Ouest France - 01/03/2023
Paris, France-based startup Stem, which specializes in biotechnology, decided to take on the challenge of growing coffee in the lab. The company seeks to produce a kind of cellular plant that gives high quality and more ecological seeds, indicates the Les Echos website. Coffee, whose price soars, requires significant natural resources.
Coffee requires a lot of water and soil. Its cultivation also requires the use of fertilizers and pesticides, explain our colleagues. Stem has developed a technology that involves taking cells from coffee leaves and then soaking them in a vegetable liquid before fermenting them in bioreactors. The startup also aims to develop natural aromas to refine the taste of coffee.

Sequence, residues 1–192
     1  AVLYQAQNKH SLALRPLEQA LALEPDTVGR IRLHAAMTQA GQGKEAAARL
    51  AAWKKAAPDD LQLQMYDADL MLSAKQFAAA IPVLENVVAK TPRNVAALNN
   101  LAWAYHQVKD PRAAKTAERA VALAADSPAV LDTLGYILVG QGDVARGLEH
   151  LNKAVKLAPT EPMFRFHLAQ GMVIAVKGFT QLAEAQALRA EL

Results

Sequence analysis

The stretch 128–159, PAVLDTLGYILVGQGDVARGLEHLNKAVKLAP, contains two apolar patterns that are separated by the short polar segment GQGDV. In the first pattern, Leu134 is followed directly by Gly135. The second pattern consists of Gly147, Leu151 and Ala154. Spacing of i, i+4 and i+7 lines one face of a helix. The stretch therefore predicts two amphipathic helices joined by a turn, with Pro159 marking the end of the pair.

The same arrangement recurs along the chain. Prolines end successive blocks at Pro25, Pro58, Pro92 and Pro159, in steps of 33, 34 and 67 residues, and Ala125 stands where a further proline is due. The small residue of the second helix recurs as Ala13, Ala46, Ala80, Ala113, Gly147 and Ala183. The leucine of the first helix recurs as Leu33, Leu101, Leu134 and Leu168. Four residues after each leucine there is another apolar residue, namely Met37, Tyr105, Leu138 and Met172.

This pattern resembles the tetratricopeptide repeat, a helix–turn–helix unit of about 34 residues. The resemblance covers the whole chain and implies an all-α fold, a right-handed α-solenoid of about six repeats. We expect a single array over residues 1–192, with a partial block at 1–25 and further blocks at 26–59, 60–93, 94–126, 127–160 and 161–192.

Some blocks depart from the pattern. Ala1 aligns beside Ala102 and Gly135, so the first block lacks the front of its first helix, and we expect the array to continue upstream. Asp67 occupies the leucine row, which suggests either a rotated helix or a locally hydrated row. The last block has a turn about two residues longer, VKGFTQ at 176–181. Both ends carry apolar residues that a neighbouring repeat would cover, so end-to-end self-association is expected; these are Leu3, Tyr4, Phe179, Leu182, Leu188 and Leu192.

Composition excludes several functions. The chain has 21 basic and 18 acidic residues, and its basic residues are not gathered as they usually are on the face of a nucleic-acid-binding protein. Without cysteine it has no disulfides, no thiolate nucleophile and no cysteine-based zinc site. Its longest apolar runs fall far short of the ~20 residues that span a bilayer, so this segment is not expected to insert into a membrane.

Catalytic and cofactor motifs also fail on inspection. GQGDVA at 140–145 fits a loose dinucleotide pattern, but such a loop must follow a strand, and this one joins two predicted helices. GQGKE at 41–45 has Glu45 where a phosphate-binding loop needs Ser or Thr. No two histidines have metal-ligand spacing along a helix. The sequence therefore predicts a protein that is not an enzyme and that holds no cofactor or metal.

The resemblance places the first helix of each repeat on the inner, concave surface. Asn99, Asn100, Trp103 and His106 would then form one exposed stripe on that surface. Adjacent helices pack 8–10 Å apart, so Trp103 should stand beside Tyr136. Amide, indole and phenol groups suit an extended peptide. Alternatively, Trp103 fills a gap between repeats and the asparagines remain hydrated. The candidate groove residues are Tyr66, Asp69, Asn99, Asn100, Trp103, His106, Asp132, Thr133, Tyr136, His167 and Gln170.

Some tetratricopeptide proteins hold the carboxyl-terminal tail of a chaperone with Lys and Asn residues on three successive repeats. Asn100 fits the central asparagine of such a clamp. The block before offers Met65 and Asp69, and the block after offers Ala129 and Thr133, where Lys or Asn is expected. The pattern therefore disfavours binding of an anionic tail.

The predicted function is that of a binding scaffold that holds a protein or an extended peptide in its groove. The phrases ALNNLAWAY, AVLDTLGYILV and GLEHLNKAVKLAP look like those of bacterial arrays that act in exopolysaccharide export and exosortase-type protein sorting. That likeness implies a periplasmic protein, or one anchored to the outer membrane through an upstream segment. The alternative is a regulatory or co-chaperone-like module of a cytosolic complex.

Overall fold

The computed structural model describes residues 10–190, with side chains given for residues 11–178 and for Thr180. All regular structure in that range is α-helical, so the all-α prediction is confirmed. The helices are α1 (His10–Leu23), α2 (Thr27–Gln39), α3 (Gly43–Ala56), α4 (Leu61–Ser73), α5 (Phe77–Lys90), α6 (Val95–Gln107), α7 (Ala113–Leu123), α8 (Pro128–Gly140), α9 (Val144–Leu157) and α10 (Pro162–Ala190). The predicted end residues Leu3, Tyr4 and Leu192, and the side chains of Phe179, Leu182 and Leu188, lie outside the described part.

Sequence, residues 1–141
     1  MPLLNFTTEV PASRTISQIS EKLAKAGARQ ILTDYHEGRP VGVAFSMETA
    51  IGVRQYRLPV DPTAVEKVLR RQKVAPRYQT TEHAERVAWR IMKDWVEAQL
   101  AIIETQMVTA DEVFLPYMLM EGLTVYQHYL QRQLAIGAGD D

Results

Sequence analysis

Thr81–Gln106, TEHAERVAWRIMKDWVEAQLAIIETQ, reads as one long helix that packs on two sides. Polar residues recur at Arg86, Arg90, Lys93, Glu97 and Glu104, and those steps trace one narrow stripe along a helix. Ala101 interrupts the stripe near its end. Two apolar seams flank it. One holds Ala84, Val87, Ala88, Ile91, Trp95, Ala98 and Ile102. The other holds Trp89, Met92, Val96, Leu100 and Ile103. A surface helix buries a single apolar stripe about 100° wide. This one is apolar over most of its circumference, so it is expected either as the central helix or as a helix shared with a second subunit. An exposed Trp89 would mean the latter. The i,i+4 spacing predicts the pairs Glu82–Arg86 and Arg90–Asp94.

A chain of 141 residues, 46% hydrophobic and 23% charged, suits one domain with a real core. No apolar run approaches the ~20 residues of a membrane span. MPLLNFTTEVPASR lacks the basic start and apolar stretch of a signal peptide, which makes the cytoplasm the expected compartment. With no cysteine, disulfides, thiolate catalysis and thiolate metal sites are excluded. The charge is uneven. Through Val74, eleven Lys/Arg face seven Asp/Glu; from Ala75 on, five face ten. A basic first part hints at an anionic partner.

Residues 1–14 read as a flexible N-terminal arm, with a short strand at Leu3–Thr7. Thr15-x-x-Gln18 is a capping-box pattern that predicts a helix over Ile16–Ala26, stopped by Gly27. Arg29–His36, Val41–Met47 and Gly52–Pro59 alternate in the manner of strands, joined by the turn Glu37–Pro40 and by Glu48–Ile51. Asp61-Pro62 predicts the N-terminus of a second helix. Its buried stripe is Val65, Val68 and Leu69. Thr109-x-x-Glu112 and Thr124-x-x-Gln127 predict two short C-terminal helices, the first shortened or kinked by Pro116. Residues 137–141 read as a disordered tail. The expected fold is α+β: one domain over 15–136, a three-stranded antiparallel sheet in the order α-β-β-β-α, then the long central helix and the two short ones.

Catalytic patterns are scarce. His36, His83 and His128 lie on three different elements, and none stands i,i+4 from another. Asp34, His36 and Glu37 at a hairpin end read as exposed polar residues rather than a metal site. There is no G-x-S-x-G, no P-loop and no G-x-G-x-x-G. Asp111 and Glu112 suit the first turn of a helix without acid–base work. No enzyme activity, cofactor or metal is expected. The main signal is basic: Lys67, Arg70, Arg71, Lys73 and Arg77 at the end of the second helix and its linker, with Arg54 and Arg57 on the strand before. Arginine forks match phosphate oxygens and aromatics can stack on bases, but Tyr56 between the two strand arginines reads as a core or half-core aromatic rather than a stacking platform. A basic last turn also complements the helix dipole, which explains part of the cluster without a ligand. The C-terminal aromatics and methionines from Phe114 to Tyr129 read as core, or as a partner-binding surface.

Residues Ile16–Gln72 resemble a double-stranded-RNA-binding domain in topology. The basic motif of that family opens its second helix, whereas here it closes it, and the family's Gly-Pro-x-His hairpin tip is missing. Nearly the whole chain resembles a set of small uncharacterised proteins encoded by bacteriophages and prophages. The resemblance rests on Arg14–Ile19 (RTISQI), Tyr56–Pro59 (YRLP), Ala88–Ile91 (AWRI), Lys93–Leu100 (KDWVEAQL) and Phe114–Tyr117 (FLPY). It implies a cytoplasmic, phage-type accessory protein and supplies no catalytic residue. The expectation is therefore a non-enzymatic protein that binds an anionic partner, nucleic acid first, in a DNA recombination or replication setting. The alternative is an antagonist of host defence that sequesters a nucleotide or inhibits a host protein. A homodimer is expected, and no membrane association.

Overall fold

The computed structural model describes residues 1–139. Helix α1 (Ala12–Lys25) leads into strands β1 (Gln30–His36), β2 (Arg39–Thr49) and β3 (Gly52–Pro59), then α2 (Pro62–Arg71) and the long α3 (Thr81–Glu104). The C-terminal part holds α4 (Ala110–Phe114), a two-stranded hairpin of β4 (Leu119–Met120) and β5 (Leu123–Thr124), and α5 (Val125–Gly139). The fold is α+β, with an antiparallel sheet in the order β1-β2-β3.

"The idea is to make quality coffee for the general public", explains Tom Clark, co-founder of Young Shoot, quoted by economic media. A prototype already exists. Research on coffee cells had already been carried out in Finland. In 2021, small samples of coffee had been created in the laboratory, but no formula had managed to be commercialized. It is this phase that Stem wants to go through.
Coffee is a market worth 500 billion dollars, or around 469 billion euros, and which may undergo transformations in the coming years. In the face of dwindling arable land, the company sees its cellular coffee technology as an asset. Stem, however, will not be able to put its coffee in consumers' cups right away, warns the economic information site.
It will be necessary first to convince the European authorities. The start-up is also seeking funding to support research and development, establish production and reduce costs. The first market could be Japan, where the Parisian company plans to offer cold and canned coffee.
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